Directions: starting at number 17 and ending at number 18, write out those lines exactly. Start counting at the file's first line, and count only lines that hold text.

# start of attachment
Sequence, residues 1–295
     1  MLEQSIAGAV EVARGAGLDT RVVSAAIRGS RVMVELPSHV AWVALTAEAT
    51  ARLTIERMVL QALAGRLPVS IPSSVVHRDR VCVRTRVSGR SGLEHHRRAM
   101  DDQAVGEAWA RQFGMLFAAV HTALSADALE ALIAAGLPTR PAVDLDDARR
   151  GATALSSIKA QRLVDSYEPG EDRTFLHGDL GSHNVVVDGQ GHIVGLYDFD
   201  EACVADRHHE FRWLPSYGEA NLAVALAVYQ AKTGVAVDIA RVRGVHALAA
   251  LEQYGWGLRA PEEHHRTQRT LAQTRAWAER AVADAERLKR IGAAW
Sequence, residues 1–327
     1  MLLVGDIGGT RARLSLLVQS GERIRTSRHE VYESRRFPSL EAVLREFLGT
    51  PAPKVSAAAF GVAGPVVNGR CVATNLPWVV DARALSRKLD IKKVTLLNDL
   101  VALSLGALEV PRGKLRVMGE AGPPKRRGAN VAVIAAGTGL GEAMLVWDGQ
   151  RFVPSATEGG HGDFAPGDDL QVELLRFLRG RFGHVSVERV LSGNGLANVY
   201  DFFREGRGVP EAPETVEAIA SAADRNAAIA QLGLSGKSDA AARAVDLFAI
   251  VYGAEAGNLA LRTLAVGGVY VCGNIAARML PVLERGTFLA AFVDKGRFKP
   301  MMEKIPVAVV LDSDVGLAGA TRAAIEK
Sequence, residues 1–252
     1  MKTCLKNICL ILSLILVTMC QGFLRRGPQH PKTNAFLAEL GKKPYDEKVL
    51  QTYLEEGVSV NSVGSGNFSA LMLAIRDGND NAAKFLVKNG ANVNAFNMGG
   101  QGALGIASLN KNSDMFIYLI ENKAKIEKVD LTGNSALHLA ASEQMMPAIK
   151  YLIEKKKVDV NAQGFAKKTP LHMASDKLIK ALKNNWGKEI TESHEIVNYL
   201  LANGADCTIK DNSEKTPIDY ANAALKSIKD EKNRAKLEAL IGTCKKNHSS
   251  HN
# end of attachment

     1  MKTCLKNICL ILSLILVTMC QGFLRRGPQH PKTNAFLAEL GKKPYDEKVL
    51  QTYLEEGVSV NSVGSGNFSA LMLAIRDGND NAAKFLVKNG ANVNAFNMGG